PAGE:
Adams was also working to imbue his photographs with an emotional quality that would reflect how he felt in taking the picture. Ultimately his Zone System gave photographers the sense of more artistic control over their work and gave his own photographs their distinguishing clarity and depth. As he said in his autobiography, “It is easy to take a photograph, but it is harder to make a masterpiece in photography than in any other art medium.”

Certainly photography and the camera are distinctive elements of 20th-century culture. They propel the great engine of media, movies, spectacle, publicity, celebrity, and now, even the Internet. In the 21st century, the visual has become the dominant aspect of American culture. As Susan Sontag says in her book, On Photography, the camera “changed seeing itself,” promoting “the value of appearances... as the camera records them”:

Instead of just recording reality, photographs have become the norm for the way things appear to us, thereby changing the very idea of reality, and of realism.

Even ideas of beauty were affected by the camera, Sontag says. “New conventions about what was beautiful took hold... in the fracturing, dislocating vision that only the camera supplies,” giving views that the eye does not usually notice or isolate. Photography, she says, has a “commitment to pure seeing,” though conflicted by its historical dilemma of “truth-telling” versus “beauty.” Today, the computer has undermined the truth-telling, documentary role of photography. It can photoshop and change images to suit. The old saying, “The camera doesn’t lie,” no longer applies.

The camera itself did not come into being until the 19th century, but its progenitor, the camera obscura, a box with a pinhole to admit light, had been known as far back as 5th century BC in China. When light entered the pinhole, an upside-down image was cast on a tablet or the wall. The camera obscura was frequently used by artists like Vermeer in the 17th century to capture an image they wished to draw or paint. The problem, however, was not capturing the image; it was figuring out a way to make the image last. In 1826, a Frenchman named Joseph Nicephore Niepce applied bitumen to a pewter plate to preserve the image in his camera obscura, but this proved impractical. His partner, Louis Daguerre, found a better way by 1836, using a copper plate coated with silver to produce what became known as daguerreotypes. People who posed for their portraits had to hold the pose for a half hour or longer as the daguerreotype developed.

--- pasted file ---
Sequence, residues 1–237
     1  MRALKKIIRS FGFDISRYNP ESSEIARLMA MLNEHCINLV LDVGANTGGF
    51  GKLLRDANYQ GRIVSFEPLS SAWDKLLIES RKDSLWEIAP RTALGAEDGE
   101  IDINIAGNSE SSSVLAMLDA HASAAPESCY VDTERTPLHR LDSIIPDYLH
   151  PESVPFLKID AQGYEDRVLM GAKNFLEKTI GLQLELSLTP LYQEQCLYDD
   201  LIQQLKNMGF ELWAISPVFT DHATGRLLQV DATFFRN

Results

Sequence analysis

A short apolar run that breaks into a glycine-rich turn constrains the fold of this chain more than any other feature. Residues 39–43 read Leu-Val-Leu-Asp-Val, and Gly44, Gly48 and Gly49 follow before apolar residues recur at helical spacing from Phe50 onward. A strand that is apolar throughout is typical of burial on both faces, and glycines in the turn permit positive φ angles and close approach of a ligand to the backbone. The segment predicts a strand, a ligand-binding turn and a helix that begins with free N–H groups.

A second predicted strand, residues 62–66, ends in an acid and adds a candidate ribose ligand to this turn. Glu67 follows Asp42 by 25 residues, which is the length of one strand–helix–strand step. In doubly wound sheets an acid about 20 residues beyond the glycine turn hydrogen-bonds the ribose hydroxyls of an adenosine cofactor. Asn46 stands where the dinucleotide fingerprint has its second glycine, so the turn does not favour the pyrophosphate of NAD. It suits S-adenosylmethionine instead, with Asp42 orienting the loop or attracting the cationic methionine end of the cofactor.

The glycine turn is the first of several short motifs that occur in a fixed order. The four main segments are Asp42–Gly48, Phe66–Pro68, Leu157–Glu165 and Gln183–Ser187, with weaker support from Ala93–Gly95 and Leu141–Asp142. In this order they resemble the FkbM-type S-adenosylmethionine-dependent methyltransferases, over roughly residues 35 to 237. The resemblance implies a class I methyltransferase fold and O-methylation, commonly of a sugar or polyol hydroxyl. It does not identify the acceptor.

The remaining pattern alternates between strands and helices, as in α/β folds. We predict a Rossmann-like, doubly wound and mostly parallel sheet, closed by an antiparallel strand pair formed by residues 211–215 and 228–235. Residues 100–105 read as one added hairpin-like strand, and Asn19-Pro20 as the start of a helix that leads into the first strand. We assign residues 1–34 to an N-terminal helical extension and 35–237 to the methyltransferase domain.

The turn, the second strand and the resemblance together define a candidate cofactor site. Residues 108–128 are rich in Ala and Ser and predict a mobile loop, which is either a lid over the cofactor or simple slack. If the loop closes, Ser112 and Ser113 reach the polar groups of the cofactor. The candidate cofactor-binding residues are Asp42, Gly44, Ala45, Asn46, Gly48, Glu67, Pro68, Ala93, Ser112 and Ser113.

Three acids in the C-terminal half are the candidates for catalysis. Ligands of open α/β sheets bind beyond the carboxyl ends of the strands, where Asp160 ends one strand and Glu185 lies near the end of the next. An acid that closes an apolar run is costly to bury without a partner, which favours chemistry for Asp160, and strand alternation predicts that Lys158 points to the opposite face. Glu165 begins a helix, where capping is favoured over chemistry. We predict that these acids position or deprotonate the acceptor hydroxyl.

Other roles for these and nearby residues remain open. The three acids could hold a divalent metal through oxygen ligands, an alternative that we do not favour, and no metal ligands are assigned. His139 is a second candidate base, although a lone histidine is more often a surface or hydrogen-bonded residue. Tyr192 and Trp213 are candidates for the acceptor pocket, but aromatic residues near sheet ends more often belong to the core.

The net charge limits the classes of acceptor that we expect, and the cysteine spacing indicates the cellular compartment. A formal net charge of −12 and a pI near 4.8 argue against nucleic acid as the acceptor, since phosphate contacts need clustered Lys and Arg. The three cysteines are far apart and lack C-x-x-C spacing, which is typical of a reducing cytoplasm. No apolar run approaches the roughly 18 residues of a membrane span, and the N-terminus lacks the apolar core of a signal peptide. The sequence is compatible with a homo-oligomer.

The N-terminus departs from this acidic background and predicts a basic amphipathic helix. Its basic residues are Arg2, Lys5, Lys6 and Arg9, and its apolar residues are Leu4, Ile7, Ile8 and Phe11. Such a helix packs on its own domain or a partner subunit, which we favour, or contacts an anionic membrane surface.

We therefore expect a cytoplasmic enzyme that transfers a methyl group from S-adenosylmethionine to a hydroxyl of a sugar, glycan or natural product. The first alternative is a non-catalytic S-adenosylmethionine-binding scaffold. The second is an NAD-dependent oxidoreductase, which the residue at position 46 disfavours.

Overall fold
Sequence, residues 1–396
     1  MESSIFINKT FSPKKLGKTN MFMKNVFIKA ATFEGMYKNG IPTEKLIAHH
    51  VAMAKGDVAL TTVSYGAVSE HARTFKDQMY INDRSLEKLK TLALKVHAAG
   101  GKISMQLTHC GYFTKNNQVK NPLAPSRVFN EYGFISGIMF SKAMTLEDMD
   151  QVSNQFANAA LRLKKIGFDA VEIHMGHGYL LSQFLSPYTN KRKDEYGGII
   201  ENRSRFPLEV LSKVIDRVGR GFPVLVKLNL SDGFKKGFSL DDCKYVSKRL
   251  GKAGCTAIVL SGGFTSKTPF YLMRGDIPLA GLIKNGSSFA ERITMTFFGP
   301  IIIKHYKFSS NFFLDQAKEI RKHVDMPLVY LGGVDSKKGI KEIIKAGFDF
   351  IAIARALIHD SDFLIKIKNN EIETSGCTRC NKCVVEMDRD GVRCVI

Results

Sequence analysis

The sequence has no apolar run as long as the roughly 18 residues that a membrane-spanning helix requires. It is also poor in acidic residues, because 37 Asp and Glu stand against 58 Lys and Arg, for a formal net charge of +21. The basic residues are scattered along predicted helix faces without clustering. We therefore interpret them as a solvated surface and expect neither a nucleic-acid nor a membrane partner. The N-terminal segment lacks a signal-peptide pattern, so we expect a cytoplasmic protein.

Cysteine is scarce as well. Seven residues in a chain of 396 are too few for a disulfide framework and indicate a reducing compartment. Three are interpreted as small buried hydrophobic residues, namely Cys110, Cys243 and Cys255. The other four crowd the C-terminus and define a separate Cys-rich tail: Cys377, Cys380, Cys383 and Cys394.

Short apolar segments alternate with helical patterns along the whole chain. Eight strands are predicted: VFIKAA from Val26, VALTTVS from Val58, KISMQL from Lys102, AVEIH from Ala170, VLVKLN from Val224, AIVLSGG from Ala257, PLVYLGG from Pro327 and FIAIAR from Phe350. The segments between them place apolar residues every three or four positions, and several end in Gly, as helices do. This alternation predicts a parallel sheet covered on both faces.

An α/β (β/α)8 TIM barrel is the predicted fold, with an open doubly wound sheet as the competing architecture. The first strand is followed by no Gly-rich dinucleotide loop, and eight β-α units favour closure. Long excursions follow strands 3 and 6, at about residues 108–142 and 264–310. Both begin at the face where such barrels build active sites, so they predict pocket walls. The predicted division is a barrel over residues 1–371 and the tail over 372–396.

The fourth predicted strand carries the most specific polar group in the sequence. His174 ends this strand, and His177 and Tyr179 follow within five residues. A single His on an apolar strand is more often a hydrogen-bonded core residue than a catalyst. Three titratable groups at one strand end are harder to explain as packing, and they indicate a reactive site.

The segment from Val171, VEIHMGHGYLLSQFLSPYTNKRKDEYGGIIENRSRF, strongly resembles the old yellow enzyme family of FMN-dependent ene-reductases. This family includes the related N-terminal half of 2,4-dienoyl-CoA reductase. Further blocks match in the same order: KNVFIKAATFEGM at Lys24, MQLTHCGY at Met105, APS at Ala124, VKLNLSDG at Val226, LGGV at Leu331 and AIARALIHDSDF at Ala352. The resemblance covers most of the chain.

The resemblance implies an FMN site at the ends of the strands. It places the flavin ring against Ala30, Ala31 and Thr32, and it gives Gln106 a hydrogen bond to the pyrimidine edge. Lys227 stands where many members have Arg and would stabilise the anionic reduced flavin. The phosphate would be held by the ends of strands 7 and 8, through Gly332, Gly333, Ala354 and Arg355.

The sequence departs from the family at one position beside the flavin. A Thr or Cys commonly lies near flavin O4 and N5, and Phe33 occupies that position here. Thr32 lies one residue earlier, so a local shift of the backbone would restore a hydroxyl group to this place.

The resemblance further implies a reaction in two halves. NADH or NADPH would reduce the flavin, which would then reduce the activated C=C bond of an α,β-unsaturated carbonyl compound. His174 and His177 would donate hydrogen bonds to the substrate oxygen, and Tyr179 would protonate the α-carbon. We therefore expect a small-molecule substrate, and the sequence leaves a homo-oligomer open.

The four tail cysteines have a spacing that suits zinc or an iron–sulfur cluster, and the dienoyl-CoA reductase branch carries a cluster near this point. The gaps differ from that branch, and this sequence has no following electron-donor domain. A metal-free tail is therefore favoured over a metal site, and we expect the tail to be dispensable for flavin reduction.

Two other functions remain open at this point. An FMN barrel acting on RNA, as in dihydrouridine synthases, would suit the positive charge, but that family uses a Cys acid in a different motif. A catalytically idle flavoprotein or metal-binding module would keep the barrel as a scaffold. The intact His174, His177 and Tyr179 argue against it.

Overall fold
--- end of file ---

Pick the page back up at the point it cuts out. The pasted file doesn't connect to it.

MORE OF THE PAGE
In the United States, the camera became a vehicle for documenting history; Matthew Brady’s photographs in the 1860s of the Civil War stunned the nation as the toll of battle became real. So too during the Vietnam War and ever after, war has been waged right in front of us on our living room televisions. But photography’s dilemma between truth-telling and beauty remains. For Ansel Adams, photography was all about beauty, all about art. Few of his photographs have any people in them; he preferred the images of natural landscape he found in the American West. The French photographer Henri Cartier-Bresson was critical: “The world is falling to pieces and all Adams and Weston photograph is rocks and trees.” In his own defense Adams said,

I know I shall be castigated by a large group of people today, but I was trained to assume that art related to the elusive quality of beauty and that the purpose of art was concerned with the elevation of the spirit (horrible Victorian notion!!).

His is America the Beautiful, awe-inspiring in its grandeur as he portrayed it, leaving it to others to record and document history. It would be photographers like Walker Evans and Dorothea Lange who showed the dark side and the suffering of humanity during the Depression and the Dust Bowl; later, photographers like Weegee and Diane Arbus would extensively chronicle the people on the margins of urban United States.

Photography, because of its value as a document, had a long struggle to be considered as art. It gained credibility when Ansel Adams, in alliance with six other San Francisco photographers, including Edward Weston and Imogen Cunningham, formed Group f/64 (the name refers to the smallest aperture on the large-format camera Adams and others used) to promote an aesthetic of photography. They staged an exhibit that caught the attention of the San Francisco De Young Museum of Art, which then organized an exhibition of their photographs. The East Coast establishment took notice. By 1940, the Museum of Modern Art had established its own Department of Photography. Today its collection includes some 25,000 photographs.

Adams was fortunate early on to have a wealthy patron, Albert M. Bender, a San Francisco insurance executive, who generously supported his work and financed his first portfolio of High Sierra photographs in 1927. Becoming more widely known and beginning to meet influential photographers like Paul Strand and painter Georgia O’Keefe, Adams produced a second portfolio, Taos Pueblo, and in 1931 had his first one-man exhibition at the Smithsonian Institute. Then during the 1930s, his career took off. He opened his own gallery in San Francisco and he began publishing essays about photography as well as an instructional book, Making Photographs. He produced a limited edition book of Sierra Nevada photographs to support the Sierra Club’s efforts at preservation and testified before Congress about the club’s work. He was also venturing into the New York City photography scene where he became friends with Alfred Steiglitz and Edward Steichen. In 1936, Adams had a one-man show at Steiglitz’s gallery, An American Place.